The Rip Post


START WORRYING AND HATE THE BOMB

by Rip Rense

(Originally published in "The Rense Retort.")

Nuclear weapons?

Madness.

Yes, the government has called the new nuclear plans "conceptual" and "contingency" and such things. Vice-president Dick Cheney and National Security Adviser Condoleezza Rice say there is nothing new here … that the military routinely "repostures" its nuclear policy.

Don't buy it.

The new plans call for the building, testing and use of an entirely new type of nuclear weapon – so -called "limited" nuclear weapons that are allegedly more target-specific.

This is nothing but a plan for nuclear war.

Here is what William M. Arkin – senior fellow at Johns Hopkins University School of Advanced International Studies in Washington and adjunct professor at the U.S. Air Force School of Advanced Airpower Studies – wrote in the March 10 Los Angeles Times:

"When Bush administration officials talked about the implications of Sept. 11 for long-term military policy, they have often focused on 'homeland defense' and the need for an anti-missile shield. In truth, what has evolved since last year's terror attacks is an integrated, significantly expanded planning doctrine for nuclear wars."

Mr. Arkin was intimately familiar with the Nuclear Posture Review delivered to Congress Jan. 8, outlining the new policy.

Funny how it took a media leak to bring this to the attention of we, the people.

Let's address a few points raised by, and implied by, the study and the Bush administration:

*Nuclear weapons would reduce collateral damage (also known as the killing of innocent people.) The military takes justifiable pride in the reduction of this horror through technological advance. Still, in every war action, bombs go awry and the wrong people are killed. Why should this not happen with nuclear weapons?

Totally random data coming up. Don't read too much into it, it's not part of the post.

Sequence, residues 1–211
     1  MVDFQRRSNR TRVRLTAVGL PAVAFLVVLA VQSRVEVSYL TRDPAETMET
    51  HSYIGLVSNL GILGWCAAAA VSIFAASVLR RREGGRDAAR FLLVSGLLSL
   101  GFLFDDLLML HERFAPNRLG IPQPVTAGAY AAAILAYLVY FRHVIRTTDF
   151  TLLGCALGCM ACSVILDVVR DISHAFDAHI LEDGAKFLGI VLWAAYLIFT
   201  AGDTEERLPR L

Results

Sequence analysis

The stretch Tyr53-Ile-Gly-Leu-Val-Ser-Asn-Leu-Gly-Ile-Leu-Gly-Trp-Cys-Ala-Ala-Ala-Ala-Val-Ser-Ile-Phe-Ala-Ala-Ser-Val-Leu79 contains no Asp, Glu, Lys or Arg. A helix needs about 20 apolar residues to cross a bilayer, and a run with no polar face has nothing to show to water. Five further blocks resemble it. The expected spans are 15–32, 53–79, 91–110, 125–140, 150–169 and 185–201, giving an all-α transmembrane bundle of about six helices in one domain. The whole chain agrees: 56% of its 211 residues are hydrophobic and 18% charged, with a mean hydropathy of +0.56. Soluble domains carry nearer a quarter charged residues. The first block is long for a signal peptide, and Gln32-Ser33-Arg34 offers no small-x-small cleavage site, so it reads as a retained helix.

*Nuclear weapons would only be used only in response to biological or chemical terrorist attacks or "surprising military developments." More terrorist attacks are all but assured – and "surprising military developments" covers a lot of ground – so the use of new nuclear weapons, under the new plan, is all but assured.

*Nuclear weapons are needed to reach the depths of underground command centers. If people can land robots on Mars, determine the age of the universe, genetically manipulate food, and clone animals, then people certainly can blow up caves in Afghanistan without resorting to nuclear weapons. Ditto for terrorist training camps and chemical and biological weapons centers.

*Nuclear weapons would deter further terrorism. This is true to the extent that some governments would likely show increased reluctance to support terrorist cells. Would it deter further terrorist attacks? No. Nothing stops a feud. Nothing stops deep-seated hatred driven by religious zeal. (See Northern Ireland.) The use of nuclear weapons would only galvanize hatred of the U.S. among terrorists – and hostile non-terrorists – as never before. Not to mention alienate most, if not all, of our allies. Not to mention rile up most, if not all, of our enemies (many of whom have. . .nuclear weapons.)

*Nuclear weapons would increase U.S. security. If the Bush administration develops a new family of nuclear weapons, every other nuclear power on earth will follow suit, and every non-nuclear country will step up its nuclear development (and chemical and biological weapon development). If the U.S. actually integrates "limited" nuclear weapons into battle, why shouldn't Russia, China, India, Pakistan, North Korea and every other nuclear power do the same? This increases exponentially the prospect not of security, but of all-out nuclear war.

The Bush administration's plan seeks to make the unimaginable imaginable. Once something is imaginable, it becomes acceptable. Thus would nuclear bombs be de-stigmatized.

Madness.

Let us not forget why no one has used nuclear weapons since World War II – that they are the most hideous, genocidal force yet devised. Let us not forget the fear that children grew up with in the 1960s, when Kruschev appeared in TV commercials shaking his fist, saying "We will bury you!", while students practiced "drop drills" and "walk-home drills" and mom and pop dug absurd "radioactive fallout shelters" in the backyard. Let us not forget the images of women and children in Japan, wandering the rubble of Hiroshima and Nagasaki with their skin burned away. Let us not forget the cancers that befell countless more, years later, from the radiation.  

The attacks of Sept. 11 were carried out by a loose international cadre of extremists, relying on box cutters, wiles and a lot of luck. Nuclear bombs – limited, or otherwise – would not have stopped them. Secretary of Defense Donald Rumsfeld has said as much – that the nuclear deterrent was of no value.

The new nuclear "strategy" is a Dr. Strangelove-ian nightmare. The subtitle of that movie was "How to Stop Worrying and Love the Bomb."

No thanks.

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